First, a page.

Publication Date

2018

Abstract

Aims
Recurrent hospitalizations are a major part of the disease burden in heart failure (HF), but conventional analyses consider only the first event. We compared the effect of sacubitril/valsartan vs. enalapril on recurrent events, incorporating all HF hospitalizations and cardiovascular (CV) deaths in PARADIGM‐HF, using a variety of statistical approaches advocated for this type of analysis.
Methods and results
In PARADIGM‐HF, a total of 8399 patients were randomized and followed for a median of 27 months. We applied various recurrent event analyses, including a negative binomial model, the Wei, Lin and Weissfeld (WLW), and Lin, Wei, Ying and Yang (LWYY) methods, and a joint frailty model, all adjusted for treatment and region. Among a total of 3181 primary endpoint events (including 1251 CV deaths) during the trial, only 2031 (63.8%) were first events (836 CV deaths). Among a total of 1195 patients with at least one HF hospitalization, 410 (34%) had at least one further HF hospitalization. Sacubitril/valsartan compared with enalapril reduced the risk of recurrent HF hospitalization using the negative binomial model [rate ratio (RR) 0.77, 95% confidence interval (CI) 0.67–0.89], the WLW method [hazard ratio (HR) 0.79, 95% CI 0.71–0.89], the LWYY method (RR 0.78, 95% CI 0.68–0.90), and the joint frailty model (HR 0.75, 95% CI 0.66–0.86) (all P < 0.001). The effect of sacubitril/valsartan vs. enalapril on recurrent HF hospitalizations/CV death was similar.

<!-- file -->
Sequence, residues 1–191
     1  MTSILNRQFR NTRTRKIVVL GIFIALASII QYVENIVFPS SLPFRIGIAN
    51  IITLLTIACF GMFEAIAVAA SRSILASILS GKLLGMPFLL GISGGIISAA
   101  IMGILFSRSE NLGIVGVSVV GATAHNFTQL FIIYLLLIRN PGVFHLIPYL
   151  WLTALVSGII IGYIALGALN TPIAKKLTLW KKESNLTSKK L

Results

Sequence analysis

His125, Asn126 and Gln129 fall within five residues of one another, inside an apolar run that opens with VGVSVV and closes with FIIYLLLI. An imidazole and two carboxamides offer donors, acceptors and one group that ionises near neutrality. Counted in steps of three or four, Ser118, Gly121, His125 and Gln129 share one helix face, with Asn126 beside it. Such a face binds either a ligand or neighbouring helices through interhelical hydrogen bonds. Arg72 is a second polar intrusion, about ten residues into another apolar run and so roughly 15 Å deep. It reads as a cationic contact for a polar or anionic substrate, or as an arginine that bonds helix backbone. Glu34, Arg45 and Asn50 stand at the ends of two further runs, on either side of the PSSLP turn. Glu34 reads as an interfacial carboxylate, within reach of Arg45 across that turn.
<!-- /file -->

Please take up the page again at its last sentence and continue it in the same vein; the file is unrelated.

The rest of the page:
Conclusions
In PARADIGM‐HF, approximately one third of patients with a primary endpoint (time‐to‐first) experienced a further event. Compared with enalapril, sacubitril/valsartan reduced both first and recurrent events. The treatment effect size was similar, regardless of the statistical approach applied.

School/Institute

Mary MacKillop Institute for Health Research

Document Type

Open Access Journal Article

Access Rights

Open Access

Creative Commons License

Creative Commons Attribution 4.0 License
This work is licensed under a Creative Commons Attribution 4.0 License.

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Epidemiology Commons

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